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How it’s going in Wigglesworth, Rathmell and Halton West

April 8, 2011

By Roderic Mather from the communities of Wigglesworth, Rathmell and Halton West

I attended the conference in Ripon and returned home fired-up to attack the project. There seemed to be nobody else from this area that attended the conference so I elected myself as local champion.

The 3 villages around here are Rathmell, Wigglesworth and Halton West. In order to gain the suggested level of support, I avoided the high cost of posting letters and the cost imposed on others to return signed forms of support and opted for the slightly less expensive tour of the district by car. As a result of two morning trips I had close on 100 signatures and feel that I have not even scratched the surface because many houses were unoccupied at the time of my calling.

Were there was someone at home, I received 100% support and consequently, am of the view that there is little point in taking things further because of the overwhelming desire of everybody in this area to gain access to faster broadband speeds.

Our own speed here is a magnificent 0.7mbps on a good day so you can understand our general frustration in running a business from home.

2 Comments leave one →
  1. cyberdoyle permalink
    April 9, 2011 6:33 am

    I think your story is replicated throughout the country. I don’t see the point in wasting the resources of the champions by doing more surveys and ‘raising awareness’. We need to get on and build our networks, and once there is a decent connection people will use it. Of that there is no doubt. I think you have proved the point.
    Well done.
    chris

  2. April 22, 2011 2:33 am

    Hello Roderic,

    Sounds like you are making great progress with the all-important activity of aggregating demand and if you want to discuss how NextGenUs UK CIC goes about this process then please get in touch.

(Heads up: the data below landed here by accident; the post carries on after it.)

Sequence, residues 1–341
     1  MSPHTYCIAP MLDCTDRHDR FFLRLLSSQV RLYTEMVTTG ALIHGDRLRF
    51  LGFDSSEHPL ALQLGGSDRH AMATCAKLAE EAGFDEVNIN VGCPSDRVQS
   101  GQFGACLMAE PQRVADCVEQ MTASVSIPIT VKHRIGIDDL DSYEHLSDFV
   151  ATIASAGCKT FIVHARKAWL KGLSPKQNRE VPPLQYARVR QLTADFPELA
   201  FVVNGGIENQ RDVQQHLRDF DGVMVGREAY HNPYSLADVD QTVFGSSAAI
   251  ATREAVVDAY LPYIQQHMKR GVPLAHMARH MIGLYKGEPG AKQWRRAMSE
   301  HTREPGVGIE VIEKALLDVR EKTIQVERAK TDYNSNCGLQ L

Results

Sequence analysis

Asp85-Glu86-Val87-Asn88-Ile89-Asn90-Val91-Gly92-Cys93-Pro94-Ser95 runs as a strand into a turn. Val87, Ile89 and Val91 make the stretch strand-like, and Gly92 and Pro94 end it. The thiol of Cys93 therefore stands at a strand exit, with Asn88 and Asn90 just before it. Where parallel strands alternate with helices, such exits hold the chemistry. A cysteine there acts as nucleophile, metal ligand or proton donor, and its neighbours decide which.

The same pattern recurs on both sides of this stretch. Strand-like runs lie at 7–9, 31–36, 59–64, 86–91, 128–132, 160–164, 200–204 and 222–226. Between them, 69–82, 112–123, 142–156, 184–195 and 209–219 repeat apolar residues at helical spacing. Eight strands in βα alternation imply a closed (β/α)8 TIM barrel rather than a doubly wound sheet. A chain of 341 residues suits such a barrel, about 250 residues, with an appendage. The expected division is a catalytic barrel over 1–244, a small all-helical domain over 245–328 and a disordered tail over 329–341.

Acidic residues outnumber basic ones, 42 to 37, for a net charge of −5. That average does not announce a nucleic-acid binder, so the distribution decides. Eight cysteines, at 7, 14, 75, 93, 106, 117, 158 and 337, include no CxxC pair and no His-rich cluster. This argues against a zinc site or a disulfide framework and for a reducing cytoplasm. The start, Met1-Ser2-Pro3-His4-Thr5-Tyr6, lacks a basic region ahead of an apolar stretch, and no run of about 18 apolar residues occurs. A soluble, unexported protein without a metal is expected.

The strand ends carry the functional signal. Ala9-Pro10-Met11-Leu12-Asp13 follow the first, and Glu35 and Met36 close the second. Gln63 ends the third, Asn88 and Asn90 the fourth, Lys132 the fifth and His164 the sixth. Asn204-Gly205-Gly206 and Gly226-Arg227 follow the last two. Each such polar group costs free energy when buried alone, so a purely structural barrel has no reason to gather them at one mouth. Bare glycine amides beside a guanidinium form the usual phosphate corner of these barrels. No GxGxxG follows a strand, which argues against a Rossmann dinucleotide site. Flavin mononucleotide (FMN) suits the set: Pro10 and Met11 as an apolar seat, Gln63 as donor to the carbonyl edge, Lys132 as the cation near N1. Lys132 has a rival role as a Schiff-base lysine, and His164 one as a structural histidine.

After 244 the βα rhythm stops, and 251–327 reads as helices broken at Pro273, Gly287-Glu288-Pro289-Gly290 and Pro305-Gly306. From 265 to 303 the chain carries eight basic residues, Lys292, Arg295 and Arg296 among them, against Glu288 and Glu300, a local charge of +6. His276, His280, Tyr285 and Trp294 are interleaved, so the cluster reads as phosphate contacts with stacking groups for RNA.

Also worth having a look at https://broadbandnorthyorkshire.wordpress.com/2011/03/23/newton-on-rawcliffes-broadband-story/ for the First FiWi in North Yorkshire that NextGenUs pioneered back in February 2010.

    More recently http://www.nextgenus.net/bookplus gives some insights into the First gigabit FttH village in the UK that went live in November 2010

    An interesting point to note about the above network is that it did not involve one penny of public money to build.

    NextGenUs is has available now several £Millions of private sector investment for the further deployment of future-proof FttH and FiWi networks where communities are ready to step up en-masse and simply demonstrate sufficient demand for service to be commercially sustainable.

    If the local community is ready to step up and commit to take service then it may not require any public subsidy to make real progress utilising the school’s fibre link.

    As a Community Interest Company, NextGenUs UK CIC locks the monopoly assets of the networks it builds and owns.

    This is important to safeguard local communities from future exploitation due as asset sale to a non-CIC is prevented.

    The other key CIC benefit that NextGenUs provides is that currently guarantees a minimum of £2 in every £3 of operating surplus is redistributed according to the Community Interest Test.

    NextGenUs is not content to settle for FiWi and is committed to reinvesting surplus over time to achieve FttH as widespread as mains electricity is today.

    Community Interest Companies (CICS) are limited companies, with special additional features, created for the use of people who want to conduct a business or other activity for community benefit, and not purely for private advantage.

    This is achieved by a “community interest test” and “asset lock”, which ensure that the CIC is established for community purposes and the assets and profits are dedicated to these purposes.

    Registration of a company as a CIC has to be approved by the Regulator who also has a continuing monitoring and enforcement role.

    What kind of price are folks being asked to pay for service BTW?

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